Pakistan believed that it was important to develop consensus when choosing the SG. That way, he or she would have the confidence of all member states. India proposed that the SG selection could require 2/3 of the Assembly approval, instead of a simple majority. in order to prevent the process from becoming divisive. Belarus suggested further that the practice of selecting the Secretary-General by secret ballot should be reinstated. It argued that secret ballots allowed all states to express their views, regardless of size and without fear of violating any “unspoken rules” in the Assembly.

The European Union (EU) stressed greater transparency in the selection process for the Secretary-General, but also stated that reform should be kept in line with the Charter. The EU also seemed to support resolution 1/11.

It was additionally suggested that the PGA could meet with candidates in order to make the process more inclusive. Candidates could also be formally presented to the GA in a timely manner, to ensure that Member states would have time to review their positions on key issues and credentials for the post.

The EU drew attention to the 2011 JIU report on the appointment of senior managers, and indicated that resolution 67/297 could perhaps be extended to senior managers. States were encouraged to look at the report’s second annex, which illustrated the need to improve gender representation among senior managers.

Liechtenstein saw the practice and application of existing procedures as the main problem. It felt that the Security Council, and particularly its permanent members, often confused “confidentiality” with “secrecy,” and insisted that the GA had a rightful role in the selection process within the existing Charter. However, it was also suggested that the proposal to ask the SC to recommend more than one SG candidate to the GA merited consideration by the working group.

Liechtenstein recommended that the GA establish set qualifications for the SG. It noted that there has never been a SG that has been female nor from Eastern Europe. Observing that the qualifications for the position described in a recent resolution were very general, it proposed more specific criteria, which included: integrity, impartiality, moral courage, organizational skills, strong political instincts, ability to provide leadership in the UN system, and ability to use modern media and be a “global communicator.”

Liechtenstein emphasized the value of several existing proposals, such as having the PGA consult with Member States to identify candidates, discuss the results of these consultations with the GA, and then forward the candidates to the SC. It also encouraged the formal presentation of candidates to allow for an exchange of views with Member States.

Liechtenstein noted the importance of leadership from the GA’s next president in the reform process. For instance, the president could hold informal meetings to allow Member States to interact with candidates.
Belgium aligned itself with Liechtenstein’s and the EU’s statement. It agreed with Liechtenstein that it might be valuable to consider asking the SC to recommend more than one candidate for Secretary-General to the Assembly.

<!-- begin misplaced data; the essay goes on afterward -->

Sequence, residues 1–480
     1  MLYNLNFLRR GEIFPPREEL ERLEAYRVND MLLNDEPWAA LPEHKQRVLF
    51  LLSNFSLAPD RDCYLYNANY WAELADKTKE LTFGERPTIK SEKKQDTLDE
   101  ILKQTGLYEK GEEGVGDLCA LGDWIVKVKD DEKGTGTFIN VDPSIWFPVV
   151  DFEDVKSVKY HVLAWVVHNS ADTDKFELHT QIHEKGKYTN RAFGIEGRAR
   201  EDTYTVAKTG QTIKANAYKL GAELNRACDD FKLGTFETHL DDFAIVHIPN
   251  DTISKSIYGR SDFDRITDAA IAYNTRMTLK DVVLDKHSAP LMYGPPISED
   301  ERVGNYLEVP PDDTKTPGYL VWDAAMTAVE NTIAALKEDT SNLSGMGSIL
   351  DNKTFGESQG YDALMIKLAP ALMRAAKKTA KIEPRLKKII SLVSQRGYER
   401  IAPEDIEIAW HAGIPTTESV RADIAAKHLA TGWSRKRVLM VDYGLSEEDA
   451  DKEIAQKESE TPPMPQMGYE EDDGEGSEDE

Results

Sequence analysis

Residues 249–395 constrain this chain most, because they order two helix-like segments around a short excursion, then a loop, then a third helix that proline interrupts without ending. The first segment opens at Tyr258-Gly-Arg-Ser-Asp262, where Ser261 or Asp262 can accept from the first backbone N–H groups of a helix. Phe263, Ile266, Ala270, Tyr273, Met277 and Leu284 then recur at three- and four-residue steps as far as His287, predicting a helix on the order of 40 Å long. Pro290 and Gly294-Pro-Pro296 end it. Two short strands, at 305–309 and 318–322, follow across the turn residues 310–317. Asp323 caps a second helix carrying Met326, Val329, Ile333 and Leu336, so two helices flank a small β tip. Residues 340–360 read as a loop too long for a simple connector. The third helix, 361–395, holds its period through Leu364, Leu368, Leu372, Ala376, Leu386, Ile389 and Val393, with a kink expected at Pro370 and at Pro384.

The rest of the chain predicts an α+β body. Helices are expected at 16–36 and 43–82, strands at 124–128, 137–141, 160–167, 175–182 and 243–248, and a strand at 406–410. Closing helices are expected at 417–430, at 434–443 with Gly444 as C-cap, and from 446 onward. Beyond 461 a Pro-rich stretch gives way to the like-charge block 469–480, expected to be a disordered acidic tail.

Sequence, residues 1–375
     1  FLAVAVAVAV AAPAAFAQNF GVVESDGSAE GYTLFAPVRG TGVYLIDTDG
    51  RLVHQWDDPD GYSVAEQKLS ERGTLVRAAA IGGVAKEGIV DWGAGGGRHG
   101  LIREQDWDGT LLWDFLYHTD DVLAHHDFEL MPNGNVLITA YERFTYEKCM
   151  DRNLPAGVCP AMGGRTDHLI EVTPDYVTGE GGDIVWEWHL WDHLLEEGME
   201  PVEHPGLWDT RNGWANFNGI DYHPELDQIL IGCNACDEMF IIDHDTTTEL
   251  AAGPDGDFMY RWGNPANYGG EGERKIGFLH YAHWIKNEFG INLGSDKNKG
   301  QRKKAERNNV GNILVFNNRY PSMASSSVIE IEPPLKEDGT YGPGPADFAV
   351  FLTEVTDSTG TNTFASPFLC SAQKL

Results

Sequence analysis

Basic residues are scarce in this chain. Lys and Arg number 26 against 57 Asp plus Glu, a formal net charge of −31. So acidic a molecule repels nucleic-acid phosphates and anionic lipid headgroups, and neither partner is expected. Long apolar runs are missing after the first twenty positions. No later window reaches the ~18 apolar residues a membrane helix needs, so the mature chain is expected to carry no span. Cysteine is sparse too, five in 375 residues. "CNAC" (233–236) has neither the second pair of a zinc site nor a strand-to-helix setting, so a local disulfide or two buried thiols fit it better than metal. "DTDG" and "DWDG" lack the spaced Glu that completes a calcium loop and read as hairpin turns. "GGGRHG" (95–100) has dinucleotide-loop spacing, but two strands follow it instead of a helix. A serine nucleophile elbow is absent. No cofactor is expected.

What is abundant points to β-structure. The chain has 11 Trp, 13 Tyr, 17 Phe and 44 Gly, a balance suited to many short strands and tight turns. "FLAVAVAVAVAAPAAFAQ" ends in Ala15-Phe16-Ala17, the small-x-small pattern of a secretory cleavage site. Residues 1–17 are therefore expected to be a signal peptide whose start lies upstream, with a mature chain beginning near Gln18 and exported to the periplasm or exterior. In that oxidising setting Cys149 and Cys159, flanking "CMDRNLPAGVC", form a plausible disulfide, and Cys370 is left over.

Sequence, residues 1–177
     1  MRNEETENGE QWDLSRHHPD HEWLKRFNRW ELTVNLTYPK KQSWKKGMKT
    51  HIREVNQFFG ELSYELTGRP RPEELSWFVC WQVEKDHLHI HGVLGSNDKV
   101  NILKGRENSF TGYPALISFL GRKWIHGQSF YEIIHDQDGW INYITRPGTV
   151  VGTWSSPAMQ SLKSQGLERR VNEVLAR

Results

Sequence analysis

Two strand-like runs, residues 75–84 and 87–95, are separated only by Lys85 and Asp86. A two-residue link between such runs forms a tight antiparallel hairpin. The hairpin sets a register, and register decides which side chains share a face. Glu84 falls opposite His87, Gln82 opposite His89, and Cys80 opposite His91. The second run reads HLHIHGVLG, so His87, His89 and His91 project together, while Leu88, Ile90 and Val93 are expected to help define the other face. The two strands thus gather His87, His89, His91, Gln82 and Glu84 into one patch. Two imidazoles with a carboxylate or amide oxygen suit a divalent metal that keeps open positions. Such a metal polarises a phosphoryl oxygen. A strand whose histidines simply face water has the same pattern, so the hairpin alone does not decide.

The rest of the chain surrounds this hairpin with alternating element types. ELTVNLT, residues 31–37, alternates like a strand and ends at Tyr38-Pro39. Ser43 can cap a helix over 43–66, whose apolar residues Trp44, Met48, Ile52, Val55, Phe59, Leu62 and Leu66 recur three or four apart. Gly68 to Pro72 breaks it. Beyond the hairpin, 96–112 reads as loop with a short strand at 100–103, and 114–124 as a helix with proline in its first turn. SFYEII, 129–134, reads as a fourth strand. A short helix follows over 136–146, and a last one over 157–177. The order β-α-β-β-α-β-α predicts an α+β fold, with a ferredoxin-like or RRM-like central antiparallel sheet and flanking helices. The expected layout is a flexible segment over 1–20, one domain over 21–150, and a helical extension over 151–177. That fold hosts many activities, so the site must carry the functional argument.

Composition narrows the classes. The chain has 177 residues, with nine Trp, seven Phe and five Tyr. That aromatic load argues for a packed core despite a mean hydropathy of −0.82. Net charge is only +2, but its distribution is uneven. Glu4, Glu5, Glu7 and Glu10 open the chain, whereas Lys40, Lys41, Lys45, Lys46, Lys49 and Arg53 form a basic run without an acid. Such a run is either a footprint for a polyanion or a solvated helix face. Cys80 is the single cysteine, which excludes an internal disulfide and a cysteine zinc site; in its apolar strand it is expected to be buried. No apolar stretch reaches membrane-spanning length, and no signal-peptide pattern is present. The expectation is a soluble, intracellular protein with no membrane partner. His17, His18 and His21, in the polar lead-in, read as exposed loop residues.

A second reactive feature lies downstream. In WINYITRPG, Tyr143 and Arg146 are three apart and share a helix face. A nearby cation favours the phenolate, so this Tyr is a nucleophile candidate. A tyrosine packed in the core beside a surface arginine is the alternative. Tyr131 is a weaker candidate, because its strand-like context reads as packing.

The Russian Federation argued against any efforts, which would redistribute power from the Security Council to the General Assembly “in the name of democratization.” It emphasized that the Charter must be strictly followed. However, it was willing to consider reform within existing procedures. Russia suggested that regional groups should be used more to discuss candidates in the Assembly, which would make the selection process more interactive.

Mexico expressed support for gender balance as well as equitable geographic representation. It suggested that the GA should receive extended files on all candidates for the SG position. It also stated that candidates should have diverse experience with, knowledge of, and visions for the UN, and proposed that the post’s candidate names should be published one month in advance.

Brazil suggested that asking the SC to recommend more than one candidate to the GA might help the GA to better fulfill its role in the selection process. Brazil emphasized that the SG should be prepared for a “multi-polar future.” In particular, the SG should speak as many official languages of the UN as possible, rather than only English and French. It suggested that being able to speak more than two UN languages could be a qualification for the position, as well as a familiarity with foreign cultures and traditions.

It is important to note that nearly every speaker brought up the issue of gender balance. The next rotation per regional basis for the Secretary-General should be Eastern Europe, yet only Liechtenstein and Belarus mentioned this topic. It seems that the proposal for the SC to recommend more than one candidate to the GA is one of the most controversial issues with Brazil, Liechtenstein and Belgium suggesting for this to be considered. There additionally seems to be a general consensus in favor of candidates being formally presented to the GA; however, Russia did not mention the issue.

SC – Security Council
NAM – Non-Aligned Movement
GA – General Assembly
PGA – President of the General Assembly
SG – Secretary-General